Hot-pluggable devices generally connect to the computer through one of three main ports: USB, IEEE 1392, or PC Card (different versions called PCMCIA, Cardbus, and ExpressCard). We look at those in the sections that follow.

3.1. Connecting USB devices

USB (Universal Serial Bus) is the most common type of hot-pluggable device. USB is used by flash drives, digital cameras, some types of microphones, external disk drives, and many other types of devices. Like most technologies, USB has evolved over the years, and three versions of USB are currently on the market.

The main differences among USB standard versions have to do with speed. USB 1.0 and 1.1 have two speeds: Low Speed (1.5 Mbps) used by mice and keyboards, and Full Speed (12 Mbps), more often used by digital cameras and disk drives. USB 2.0 added a third, High Speed, data rate, which can transfer data at the much faster rate of 480 Mbps.

USB 2.0 is downwardly compatible with USB 1.1 and 1.0, which means that you can use a USB 2.0 device in a computer with USB 1.x ports. However, the device will transfer at the 12 Mbps speed rather than the 480 Mbps speed available only in USB 2.0. So you don't really need to know exactly which type of USB your computer has. If you plug a USB 2.0 device into a USB 1.0 or 1.1 port, Windows will display a message telling you that you'd get better performance from a USB 2.0 port. The device will still work; it'll just be a lot slower than if you'd plugged it into a USB 2.0 port.

There are three different USB plug shapes, named Type A, Type B, and Mini-USB or On-the-Go (OTG). The computer has female Type A ports, into which you plug the male Type A plug on the cable. The device might have Type A, B, or a mini-port. Figure 1 shows the symbol for USB and the general shape of USB ports on the computer. Examples of Type A, B, and mini-ports are shown to the right of those. The plugs are all keyed so that they only fit one way. Try pushing the plug gently into the port, and it if won't fit, flip the plug over and try again.
Figure 1. USB symbol, ports, and plug types.

Connecting a USB device should be easy, providing you've done any preliminary installations required by your specific device. The steps are as follows:

  1. If the device has an on/off switch, turn it off.

  2. Connect the device to the computer using the appropriate USB cable.

  3. If the device has an on/off switch, turn it on.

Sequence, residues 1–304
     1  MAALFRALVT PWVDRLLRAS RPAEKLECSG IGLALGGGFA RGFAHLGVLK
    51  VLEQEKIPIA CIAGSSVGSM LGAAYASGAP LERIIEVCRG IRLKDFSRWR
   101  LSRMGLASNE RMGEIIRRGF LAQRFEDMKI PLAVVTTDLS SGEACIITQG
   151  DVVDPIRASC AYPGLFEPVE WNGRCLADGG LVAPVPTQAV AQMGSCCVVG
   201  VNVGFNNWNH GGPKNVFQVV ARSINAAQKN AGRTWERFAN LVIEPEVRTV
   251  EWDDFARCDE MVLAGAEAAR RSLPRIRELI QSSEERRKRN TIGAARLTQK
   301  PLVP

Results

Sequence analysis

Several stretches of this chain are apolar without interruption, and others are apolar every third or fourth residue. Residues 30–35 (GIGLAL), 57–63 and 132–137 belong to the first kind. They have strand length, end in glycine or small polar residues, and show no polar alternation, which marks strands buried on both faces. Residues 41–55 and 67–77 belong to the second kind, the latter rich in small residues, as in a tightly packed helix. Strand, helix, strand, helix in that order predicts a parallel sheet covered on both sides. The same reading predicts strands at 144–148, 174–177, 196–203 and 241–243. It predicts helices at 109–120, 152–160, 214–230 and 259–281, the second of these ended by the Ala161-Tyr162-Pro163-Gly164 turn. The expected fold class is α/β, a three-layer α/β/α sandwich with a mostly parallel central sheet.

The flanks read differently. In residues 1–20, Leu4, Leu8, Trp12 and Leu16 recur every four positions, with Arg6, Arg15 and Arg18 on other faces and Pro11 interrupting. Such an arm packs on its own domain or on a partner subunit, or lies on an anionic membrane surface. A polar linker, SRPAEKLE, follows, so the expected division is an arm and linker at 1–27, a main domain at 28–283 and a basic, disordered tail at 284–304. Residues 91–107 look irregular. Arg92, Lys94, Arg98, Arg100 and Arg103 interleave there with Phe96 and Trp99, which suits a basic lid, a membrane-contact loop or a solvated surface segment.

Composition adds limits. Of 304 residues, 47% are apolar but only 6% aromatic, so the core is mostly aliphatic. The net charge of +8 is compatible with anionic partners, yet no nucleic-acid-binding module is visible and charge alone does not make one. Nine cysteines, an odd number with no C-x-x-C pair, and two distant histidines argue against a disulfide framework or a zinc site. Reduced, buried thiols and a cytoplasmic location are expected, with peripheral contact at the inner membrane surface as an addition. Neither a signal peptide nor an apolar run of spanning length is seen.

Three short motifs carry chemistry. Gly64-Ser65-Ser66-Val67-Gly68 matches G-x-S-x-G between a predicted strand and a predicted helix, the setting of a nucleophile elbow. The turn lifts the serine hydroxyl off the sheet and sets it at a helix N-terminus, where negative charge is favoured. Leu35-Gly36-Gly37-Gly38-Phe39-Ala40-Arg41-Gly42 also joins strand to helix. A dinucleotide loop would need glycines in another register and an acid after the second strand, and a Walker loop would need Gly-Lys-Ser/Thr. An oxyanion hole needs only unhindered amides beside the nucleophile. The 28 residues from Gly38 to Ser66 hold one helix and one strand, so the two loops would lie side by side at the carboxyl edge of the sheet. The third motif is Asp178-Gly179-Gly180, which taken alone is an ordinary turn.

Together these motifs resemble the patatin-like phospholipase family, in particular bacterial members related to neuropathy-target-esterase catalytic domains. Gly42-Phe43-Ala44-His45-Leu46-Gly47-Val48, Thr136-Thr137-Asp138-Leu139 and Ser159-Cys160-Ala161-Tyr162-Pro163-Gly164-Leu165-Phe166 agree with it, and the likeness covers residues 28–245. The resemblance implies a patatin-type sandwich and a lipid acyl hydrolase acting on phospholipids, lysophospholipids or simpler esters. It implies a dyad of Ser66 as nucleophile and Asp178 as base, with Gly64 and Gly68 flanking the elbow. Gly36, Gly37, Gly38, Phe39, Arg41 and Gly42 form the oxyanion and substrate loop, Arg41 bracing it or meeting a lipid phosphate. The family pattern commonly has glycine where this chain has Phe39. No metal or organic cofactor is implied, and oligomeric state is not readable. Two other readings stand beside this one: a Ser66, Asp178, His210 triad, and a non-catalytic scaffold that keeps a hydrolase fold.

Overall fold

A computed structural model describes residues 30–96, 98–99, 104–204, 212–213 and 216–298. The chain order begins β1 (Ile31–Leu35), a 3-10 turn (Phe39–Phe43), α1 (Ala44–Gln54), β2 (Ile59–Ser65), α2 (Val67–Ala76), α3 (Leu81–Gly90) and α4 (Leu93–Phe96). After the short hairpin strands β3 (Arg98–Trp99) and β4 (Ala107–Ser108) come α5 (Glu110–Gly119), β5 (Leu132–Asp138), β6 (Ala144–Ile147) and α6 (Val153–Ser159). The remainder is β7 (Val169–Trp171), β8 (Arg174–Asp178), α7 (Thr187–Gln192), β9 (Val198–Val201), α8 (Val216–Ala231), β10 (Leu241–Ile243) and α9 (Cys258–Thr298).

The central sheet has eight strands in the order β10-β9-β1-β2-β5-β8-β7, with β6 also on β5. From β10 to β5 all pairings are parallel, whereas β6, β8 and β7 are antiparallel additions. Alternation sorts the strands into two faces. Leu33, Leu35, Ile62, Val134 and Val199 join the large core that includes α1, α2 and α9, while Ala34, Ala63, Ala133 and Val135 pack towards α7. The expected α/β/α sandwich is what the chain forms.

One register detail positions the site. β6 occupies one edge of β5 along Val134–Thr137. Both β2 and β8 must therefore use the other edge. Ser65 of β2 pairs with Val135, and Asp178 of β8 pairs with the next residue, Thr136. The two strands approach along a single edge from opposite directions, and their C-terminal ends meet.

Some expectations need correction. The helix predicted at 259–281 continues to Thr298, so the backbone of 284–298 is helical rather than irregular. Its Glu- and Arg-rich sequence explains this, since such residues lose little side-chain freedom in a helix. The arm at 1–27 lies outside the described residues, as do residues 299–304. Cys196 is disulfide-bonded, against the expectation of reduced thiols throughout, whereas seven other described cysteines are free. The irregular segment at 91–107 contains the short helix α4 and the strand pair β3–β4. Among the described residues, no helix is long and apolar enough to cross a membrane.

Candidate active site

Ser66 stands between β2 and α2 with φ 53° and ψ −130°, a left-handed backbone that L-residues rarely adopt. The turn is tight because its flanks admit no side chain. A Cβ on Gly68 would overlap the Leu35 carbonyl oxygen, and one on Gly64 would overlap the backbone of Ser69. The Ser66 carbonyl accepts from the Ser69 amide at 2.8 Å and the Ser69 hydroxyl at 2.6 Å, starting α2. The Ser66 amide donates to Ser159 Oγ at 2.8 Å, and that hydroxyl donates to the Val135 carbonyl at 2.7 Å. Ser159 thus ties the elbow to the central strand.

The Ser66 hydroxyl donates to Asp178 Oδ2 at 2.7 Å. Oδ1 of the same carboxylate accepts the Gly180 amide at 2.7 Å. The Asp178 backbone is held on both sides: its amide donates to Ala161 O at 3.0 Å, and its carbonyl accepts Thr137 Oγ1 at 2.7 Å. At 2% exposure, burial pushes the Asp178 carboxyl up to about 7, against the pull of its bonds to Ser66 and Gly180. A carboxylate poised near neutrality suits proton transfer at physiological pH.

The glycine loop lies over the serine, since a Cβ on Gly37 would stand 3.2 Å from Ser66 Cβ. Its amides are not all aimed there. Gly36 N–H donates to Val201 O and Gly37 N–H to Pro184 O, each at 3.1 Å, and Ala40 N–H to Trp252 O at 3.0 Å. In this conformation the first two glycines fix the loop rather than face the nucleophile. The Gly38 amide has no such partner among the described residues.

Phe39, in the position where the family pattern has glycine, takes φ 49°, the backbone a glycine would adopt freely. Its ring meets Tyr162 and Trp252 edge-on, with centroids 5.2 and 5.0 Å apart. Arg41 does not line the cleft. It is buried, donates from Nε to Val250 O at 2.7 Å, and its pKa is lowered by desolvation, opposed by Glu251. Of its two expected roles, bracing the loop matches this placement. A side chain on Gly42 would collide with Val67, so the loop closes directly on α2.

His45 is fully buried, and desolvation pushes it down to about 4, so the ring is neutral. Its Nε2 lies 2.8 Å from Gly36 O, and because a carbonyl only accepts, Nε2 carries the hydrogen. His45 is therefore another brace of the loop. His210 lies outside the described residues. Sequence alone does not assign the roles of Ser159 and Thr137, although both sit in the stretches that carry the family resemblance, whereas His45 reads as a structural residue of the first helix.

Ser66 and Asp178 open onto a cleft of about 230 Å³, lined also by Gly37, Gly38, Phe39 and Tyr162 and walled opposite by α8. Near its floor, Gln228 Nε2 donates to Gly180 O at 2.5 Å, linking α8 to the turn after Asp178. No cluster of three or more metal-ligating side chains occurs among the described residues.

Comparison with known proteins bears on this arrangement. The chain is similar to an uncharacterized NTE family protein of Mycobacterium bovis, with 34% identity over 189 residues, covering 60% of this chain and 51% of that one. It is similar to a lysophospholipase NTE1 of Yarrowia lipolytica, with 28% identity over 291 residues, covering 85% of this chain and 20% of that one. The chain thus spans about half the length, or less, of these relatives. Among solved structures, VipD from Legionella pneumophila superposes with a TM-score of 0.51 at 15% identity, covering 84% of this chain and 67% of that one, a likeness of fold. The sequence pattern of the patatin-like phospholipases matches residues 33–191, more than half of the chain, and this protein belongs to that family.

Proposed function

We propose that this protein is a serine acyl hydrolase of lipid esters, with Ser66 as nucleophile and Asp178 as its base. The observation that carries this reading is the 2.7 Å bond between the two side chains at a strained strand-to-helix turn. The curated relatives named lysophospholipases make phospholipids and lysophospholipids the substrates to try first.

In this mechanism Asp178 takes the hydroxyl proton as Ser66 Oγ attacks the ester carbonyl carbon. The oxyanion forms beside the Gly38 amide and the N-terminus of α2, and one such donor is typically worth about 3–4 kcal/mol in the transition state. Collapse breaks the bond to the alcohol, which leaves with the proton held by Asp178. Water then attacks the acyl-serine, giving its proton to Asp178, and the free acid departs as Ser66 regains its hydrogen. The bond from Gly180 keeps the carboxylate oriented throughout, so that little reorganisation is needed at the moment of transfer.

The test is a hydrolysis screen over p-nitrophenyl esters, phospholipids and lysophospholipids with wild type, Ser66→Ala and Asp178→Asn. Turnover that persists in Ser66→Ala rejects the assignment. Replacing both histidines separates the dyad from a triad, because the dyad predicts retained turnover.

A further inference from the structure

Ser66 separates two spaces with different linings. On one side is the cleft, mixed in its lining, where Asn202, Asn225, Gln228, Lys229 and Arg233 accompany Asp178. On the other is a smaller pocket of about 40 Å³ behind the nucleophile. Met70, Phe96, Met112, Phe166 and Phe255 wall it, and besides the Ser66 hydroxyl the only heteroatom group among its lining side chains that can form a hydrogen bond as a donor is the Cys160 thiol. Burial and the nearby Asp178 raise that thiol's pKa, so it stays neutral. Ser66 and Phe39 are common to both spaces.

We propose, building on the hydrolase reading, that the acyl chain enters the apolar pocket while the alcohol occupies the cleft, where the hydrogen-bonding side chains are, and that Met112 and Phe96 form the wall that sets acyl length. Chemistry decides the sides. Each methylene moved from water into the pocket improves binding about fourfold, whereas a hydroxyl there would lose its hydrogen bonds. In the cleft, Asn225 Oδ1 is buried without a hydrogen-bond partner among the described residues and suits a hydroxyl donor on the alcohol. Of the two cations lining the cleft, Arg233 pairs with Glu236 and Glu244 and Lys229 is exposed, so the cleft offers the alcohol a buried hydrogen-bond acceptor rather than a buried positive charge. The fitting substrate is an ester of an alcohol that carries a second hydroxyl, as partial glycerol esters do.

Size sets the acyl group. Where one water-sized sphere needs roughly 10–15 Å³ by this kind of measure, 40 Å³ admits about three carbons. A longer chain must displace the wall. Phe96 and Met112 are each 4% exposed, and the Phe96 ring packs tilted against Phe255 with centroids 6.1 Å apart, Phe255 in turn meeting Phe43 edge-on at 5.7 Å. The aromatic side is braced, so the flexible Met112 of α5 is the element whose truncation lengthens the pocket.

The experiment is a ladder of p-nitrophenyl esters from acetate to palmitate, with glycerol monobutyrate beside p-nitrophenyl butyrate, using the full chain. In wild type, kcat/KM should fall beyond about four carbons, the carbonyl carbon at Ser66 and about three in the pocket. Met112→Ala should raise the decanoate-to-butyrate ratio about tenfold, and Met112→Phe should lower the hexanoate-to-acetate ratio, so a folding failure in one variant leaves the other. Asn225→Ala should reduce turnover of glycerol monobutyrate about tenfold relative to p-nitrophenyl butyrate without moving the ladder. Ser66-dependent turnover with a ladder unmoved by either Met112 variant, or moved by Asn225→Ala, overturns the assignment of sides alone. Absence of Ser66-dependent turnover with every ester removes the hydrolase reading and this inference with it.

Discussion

The very first time you connect a device, you might get some feedback on the screen indicating that Windows is loading drivers for the device. That message will be followed by one indicating that the device is ready for use.

In many cases, you'll get an AutoPlay dialog box after you've connected the device. Figure 2 shows an example. From the AutoPlay dialog box, click whichever option best describes what you want to do with the device. In the case of a hard drive, that would most likely be the Open Folder to View Files option, unless you were using that hard drive to store one specific type of file.

What's "Speed up my system" and ReadyBoost?

Some USB devices can be used to speed up your system with ReadyBoost. When you plug a flash drive into a USB port, AutoPlay options might include an option to speed up your system using ReadyBoost. ReadyBoost is a Windows 7 feature designed to speed up some operations by using flash memory as intermediary storage between the processor and the hard drive. It only works with USB devices that actually can play that role. Flash memory has fast random I/O capabilities, and therefore isn't supported by all USB devices.

Figure 2. Sample AutoPlay dialog box for an external hard drive.

3.2. Connecting IEEE 1394 devices

IEEE 1394 (often called 1394 for short) is a high-speed (800 Mbps) standard typically used to connect digital video cameras and high-speed disk drives to computers. The symbol and plug shape for an IEEE 1394 port are shown in Figure 3. IEEE 1394 also goes by the names FireWire and iLink.

1394a supports speeds up to 400 Mbps, and 1394b supports speeds up to 800 Mbps.

Connecting a 1394 device is much the same as connecting a USB device: